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Vital Signs: Taking care of your sunburnt skin

By Anna Kellaher

As the weather gets warmer, you’ll hopefully be spending more time outside. Sunny days are great, but they can leave you with a sunburn if you don’t use proper protection. Prevention from sunburn is always the best option, but sometimes you might find yourself a little red at the end of the day. Here is what the American Academy of Dermatology recommends to help you recover from a sunburn.

As soon as you notice a sunburn starting, get out of the sun and preferably stay inside. To help relieve pain, take periodic cool baths or showers. Pat yourself dry instead of rubbing and leave a little bit of water on your skin.

Use moisturizer to trap the water in to help reduce the dryness of your skin. Using a moisturizer that contains aloe vera or soy can help soothe the skin.

Do not apply products that end in “-caine,” such as the topical anesthetic, Benzocaine. These products can further irritate the skin and have the potential to cause an allergic reaction. Taking aspirin or ibuprofen will help to reduce swelling, redness and discomfort if your skin gets irritated.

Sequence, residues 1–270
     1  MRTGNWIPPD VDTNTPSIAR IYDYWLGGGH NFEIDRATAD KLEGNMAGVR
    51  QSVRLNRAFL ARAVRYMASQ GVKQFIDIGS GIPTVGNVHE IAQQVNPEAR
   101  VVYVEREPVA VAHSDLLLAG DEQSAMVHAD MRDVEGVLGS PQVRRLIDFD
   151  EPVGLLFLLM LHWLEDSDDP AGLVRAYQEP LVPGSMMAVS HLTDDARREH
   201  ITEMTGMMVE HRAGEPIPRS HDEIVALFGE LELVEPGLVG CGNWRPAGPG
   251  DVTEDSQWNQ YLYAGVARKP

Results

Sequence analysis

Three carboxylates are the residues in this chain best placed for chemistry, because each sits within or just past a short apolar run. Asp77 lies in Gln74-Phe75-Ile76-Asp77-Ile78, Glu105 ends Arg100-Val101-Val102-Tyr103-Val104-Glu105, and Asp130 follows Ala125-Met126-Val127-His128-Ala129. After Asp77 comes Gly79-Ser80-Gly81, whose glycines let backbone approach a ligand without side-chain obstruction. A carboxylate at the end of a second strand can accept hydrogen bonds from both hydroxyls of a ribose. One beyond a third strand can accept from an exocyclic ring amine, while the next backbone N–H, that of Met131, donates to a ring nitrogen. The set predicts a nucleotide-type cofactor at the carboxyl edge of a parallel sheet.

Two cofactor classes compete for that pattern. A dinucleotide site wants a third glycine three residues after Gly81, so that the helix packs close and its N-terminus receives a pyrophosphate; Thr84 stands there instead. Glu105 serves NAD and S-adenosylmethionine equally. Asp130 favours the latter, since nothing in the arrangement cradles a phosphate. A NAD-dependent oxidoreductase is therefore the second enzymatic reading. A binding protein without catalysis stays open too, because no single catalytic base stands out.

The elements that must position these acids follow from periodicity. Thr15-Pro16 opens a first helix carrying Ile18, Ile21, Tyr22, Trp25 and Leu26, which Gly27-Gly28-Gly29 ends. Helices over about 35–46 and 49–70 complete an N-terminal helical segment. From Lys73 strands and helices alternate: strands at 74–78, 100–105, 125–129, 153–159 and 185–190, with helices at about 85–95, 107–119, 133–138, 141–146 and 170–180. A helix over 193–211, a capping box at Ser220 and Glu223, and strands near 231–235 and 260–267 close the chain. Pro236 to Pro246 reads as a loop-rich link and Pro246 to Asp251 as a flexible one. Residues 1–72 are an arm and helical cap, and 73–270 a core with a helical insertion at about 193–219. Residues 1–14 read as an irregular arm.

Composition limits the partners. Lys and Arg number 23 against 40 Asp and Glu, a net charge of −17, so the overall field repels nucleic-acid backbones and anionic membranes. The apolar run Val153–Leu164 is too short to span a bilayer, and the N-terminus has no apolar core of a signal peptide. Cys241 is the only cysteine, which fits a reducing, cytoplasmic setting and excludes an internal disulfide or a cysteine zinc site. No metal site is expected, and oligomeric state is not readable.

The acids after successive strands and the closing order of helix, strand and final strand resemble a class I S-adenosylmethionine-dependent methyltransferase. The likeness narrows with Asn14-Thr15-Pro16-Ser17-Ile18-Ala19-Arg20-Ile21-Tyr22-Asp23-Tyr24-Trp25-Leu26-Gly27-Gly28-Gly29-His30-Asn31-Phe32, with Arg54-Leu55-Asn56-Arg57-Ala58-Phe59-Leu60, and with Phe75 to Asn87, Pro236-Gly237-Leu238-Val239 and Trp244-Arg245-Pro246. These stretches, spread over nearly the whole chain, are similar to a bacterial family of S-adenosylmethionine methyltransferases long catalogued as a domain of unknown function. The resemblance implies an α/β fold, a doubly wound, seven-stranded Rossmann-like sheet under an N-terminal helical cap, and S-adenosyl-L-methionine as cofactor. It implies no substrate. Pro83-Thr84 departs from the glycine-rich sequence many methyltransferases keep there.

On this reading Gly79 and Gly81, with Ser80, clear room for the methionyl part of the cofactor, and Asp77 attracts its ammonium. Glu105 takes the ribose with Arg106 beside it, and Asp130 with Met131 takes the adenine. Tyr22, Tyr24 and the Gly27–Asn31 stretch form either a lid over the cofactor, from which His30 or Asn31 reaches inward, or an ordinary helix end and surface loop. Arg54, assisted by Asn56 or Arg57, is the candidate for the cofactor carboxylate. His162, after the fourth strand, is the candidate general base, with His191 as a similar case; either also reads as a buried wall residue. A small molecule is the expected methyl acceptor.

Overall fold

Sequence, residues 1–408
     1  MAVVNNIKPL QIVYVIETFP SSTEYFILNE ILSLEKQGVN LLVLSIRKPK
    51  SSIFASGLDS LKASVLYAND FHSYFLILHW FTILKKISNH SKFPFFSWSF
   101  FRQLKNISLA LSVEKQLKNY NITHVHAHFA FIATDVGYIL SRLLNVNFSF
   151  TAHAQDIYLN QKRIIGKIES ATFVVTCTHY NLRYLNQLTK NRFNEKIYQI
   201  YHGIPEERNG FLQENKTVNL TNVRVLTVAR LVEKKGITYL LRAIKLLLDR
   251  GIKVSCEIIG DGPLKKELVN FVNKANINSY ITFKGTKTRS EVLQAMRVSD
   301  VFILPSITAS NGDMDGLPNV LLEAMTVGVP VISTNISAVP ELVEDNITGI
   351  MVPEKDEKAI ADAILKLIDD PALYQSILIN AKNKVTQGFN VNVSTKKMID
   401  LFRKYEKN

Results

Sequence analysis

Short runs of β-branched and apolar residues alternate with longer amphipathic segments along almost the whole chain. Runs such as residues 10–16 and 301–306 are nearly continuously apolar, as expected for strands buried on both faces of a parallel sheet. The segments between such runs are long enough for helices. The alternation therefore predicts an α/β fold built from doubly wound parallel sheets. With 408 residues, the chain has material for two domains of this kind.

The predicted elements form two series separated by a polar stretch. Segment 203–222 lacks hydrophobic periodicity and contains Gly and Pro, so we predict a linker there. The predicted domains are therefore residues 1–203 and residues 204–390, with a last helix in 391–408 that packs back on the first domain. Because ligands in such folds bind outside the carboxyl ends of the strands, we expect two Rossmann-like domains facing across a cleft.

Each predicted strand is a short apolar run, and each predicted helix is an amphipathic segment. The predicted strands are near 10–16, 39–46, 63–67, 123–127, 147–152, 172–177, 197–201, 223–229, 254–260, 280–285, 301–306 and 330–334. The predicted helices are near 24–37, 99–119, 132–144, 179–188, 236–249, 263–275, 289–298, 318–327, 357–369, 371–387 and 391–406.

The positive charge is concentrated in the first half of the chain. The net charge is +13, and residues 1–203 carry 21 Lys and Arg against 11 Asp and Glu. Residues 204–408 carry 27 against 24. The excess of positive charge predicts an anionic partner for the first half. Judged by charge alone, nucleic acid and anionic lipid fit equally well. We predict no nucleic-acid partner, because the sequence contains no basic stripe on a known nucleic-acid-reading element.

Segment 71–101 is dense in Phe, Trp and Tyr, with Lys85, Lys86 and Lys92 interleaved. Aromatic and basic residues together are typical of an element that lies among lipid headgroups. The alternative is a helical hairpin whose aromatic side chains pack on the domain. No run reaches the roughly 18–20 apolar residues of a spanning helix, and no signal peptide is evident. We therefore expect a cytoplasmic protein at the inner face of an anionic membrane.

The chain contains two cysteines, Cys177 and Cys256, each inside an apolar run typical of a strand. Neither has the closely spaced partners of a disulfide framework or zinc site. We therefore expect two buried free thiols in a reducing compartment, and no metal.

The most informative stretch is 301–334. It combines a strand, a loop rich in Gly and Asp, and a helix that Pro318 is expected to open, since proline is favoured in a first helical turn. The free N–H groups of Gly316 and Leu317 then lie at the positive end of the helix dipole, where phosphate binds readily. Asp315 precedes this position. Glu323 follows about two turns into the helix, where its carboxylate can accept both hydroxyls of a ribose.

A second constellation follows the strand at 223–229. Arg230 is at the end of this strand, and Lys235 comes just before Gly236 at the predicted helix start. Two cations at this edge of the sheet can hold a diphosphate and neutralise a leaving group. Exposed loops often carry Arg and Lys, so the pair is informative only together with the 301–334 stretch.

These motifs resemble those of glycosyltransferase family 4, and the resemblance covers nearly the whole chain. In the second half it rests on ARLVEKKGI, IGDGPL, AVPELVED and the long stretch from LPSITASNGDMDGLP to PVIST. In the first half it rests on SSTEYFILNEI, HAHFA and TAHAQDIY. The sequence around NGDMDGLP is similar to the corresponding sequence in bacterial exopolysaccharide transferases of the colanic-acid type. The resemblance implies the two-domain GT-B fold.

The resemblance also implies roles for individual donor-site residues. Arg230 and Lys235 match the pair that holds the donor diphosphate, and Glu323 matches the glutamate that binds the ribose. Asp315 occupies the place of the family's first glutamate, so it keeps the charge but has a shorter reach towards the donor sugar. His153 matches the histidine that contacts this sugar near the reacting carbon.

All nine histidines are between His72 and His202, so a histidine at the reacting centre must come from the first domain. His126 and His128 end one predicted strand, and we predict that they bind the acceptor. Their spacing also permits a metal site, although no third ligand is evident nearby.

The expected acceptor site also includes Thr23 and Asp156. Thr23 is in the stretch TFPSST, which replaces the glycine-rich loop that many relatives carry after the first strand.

Sunburnt skin draws fluid to the skin’s surface and away from the rest of the body. To avoid dehydration, you should drink extra water to compensate for this side effect.

Second-degree sunburns will cause blisters on the skin. Allow these blisters to heal on their own — popping the blisters will interrupt the skin-healing process and opens the skin to potential infection.

While the skin is recovering, take extra precautions to protect it from getting burnt again. The best option is to wear clothing that covers your skin when outdoors.

As you spend more time enjoying the warm weather, remember that the best way to avoid a sunburn altogether is by applying and reapplying sunscreen and keeping yourself covered from the sun with hats and clothing.


  1. It never hurts to review the basics of taking care of sunburnt skin. Bad sunburns can also complicate or trigger or other skin-related conditions, so if you unusual symptoms show up in the aftermath of a sunburn, it can be a good idea to see your doctor.


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